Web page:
In 2016, the Ministry of Health in Belize integrated human papillomavirus vaccination into the national vaccine schedule, offering promise for increased access to prevention services. In addition, a cervical cancer prevention and control manual was developed as part of a plan of action for 2016 to 2020.6,7

The small volume of patients hinders the ability to advocate for greater investment in resources for large-scale cancer treatment and prevention services. As a result, patients with resources may leave the country for optimal care, whereas patients with fewer resources continue to receive care in a health system that may not include high-volume centers.

Hope Craig, MSPH

Hope Craig, MSPH

GUEST EDITOR

Chandrakanth Are, MBBS, MBA, FRCS, FACS

Chandrakanth Are, MBBS, MBA, FRCS, FACS

Dr. Are is the Jerald L. & Carolynn J. Varner Professor of Surgical Oncology & Global Health; Associate Dean for Graduate Medical Education; and Vice Chair of Education Department of Surgery, University of Nebraska Medical Center, Omaha.

Though there is no national comprehensive cancer control program in Belize,8 the country’s first ever oncology medical program was established in 2018.4,8 To strengthen the oncology program and address the burden of disease in Belize, Valtis et al offered the following recommendations: strengthen local pathology and surgical oncology capabilities, establish a public chemotherapy treatment program, and refer patients to radiation oncology in nearby countries as needed.4 Despite a relatively small number of overall cancer cases, the rising burden of cancer in Belize demonstrates the need for an investment in cancer treatment and prevention services across the country.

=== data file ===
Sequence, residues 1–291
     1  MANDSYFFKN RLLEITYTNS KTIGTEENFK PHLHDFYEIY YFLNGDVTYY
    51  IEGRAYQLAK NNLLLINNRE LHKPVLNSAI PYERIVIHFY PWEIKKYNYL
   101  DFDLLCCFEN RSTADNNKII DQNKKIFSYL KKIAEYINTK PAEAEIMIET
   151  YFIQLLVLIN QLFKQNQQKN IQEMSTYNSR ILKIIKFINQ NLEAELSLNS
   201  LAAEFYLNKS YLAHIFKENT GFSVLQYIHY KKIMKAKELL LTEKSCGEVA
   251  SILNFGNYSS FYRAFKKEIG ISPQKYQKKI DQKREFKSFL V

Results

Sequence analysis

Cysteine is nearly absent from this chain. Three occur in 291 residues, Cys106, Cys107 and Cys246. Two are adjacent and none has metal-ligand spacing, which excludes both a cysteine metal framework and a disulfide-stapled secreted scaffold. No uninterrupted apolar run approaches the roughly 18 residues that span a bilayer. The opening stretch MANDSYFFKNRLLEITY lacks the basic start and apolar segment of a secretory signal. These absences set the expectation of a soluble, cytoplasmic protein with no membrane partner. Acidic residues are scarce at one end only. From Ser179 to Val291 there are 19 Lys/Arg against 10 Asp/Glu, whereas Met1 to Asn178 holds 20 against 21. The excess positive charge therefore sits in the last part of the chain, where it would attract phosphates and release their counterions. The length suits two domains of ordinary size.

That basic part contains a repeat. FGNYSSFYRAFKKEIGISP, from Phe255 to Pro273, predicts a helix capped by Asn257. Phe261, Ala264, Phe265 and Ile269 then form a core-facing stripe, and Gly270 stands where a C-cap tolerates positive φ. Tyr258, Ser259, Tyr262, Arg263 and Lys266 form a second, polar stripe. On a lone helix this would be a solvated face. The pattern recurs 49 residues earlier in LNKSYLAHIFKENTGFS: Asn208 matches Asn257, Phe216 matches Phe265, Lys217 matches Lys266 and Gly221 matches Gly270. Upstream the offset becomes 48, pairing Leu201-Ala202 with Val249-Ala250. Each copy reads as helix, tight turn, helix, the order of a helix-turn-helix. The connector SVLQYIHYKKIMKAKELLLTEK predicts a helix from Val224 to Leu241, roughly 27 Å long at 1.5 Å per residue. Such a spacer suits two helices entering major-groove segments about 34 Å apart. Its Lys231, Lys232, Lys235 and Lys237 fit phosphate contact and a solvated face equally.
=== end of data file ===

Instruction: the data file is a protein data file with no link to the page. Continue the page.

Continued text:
Ms. Craig is Research Support Specialist at Cornell University, Ithaca, New York. Dr. Are is the Jerald L & Carolynn J. Varner Professor of Surgical Oncology & Global Health; Associate Dean for Graduate Medical Education; and Vice Chair of Education Department of Surgery, University of Nebraska Medical Center, Omaha.

DISCLOSURE: Ms. Craig reported no conflicts of interest. Dr. Are is a board member with Global Laparoscopy Solutions, Inc; has received research funding from Pfizer; and has a patent with the University of Nebraska Medical Center for a laparoscopy instrument.

REFERENCES

1. Central Intelligence Agency: The World Factbook—Belize. Available at https://www.cia.gov/the-world-factbook/countries/belize/#people-and-society. Accessed March 29, 2021.

2. Pan American Health Organization: Country Report: Belize. Available at https://www.paho.org/salud-en-las-americas-2017/?page_id=91. Accessed March 29, 2021.

3. International Agency for Research on Cancer, World Health Organization: Belize, Globocan 2020. Available at http://globocan.iarc.fr/Pages/fact_sheets_ population.aspx. Accessed March 29, 2021.

4. Valtis Y, Pierson L, Garrity P, et al: Cancer in Belize: Characteristics of patients presenting to a public oncology clinic. J Clin Oncol 38(15_suppl):e19000, 2020. 

5. Razzaghi H, Quesnel-Crooks S, Sherman R, et al: Leading causes of cancer mortality: Caribbean region, 2003–2013. MMWR Morb Mortal Wkly Rep 65:1395-1400, 2016. 

6. Hill J, Casimiro D: Addressing health disparities in Belize: Cervical cancer screening for high-risk populations. University of Wisconsin-Madison Physician Assistant Program and Rural Health Nurse, Dangriga Town, Belize. Available at https://cdn.ymaws.com/www.wapa.org/resource/resmgr/2020springconf/example_community_outreach_p.pdf. Accessed March 29, 2021.

7. Belize Ministry of Health: Cervical Cancer Prevention and Control, Strategic Plan 2016-2020. Available at extranet.who.int/ncdccs/Data/BLZ_B5_STRAT_PLAN_CACUVersion3nlApril13_jv-1.docx. Accessed March 29, 2021. 

8. Tucker-Longsworth L: Caribbean Cancer Network, The Belize Cancer Society’s Perspective Cervical Cancer Advocacy Workshop. The Belize Cancer Society, 2013. Available at www.healthycaribbean.org/wp-content/uploads/resources/220313/8-Caribbean-Cancer-Network-Belize-
Perspective-Ms-Laura-Tucker-Longsworth.pdf. Accessed March 29, 2021.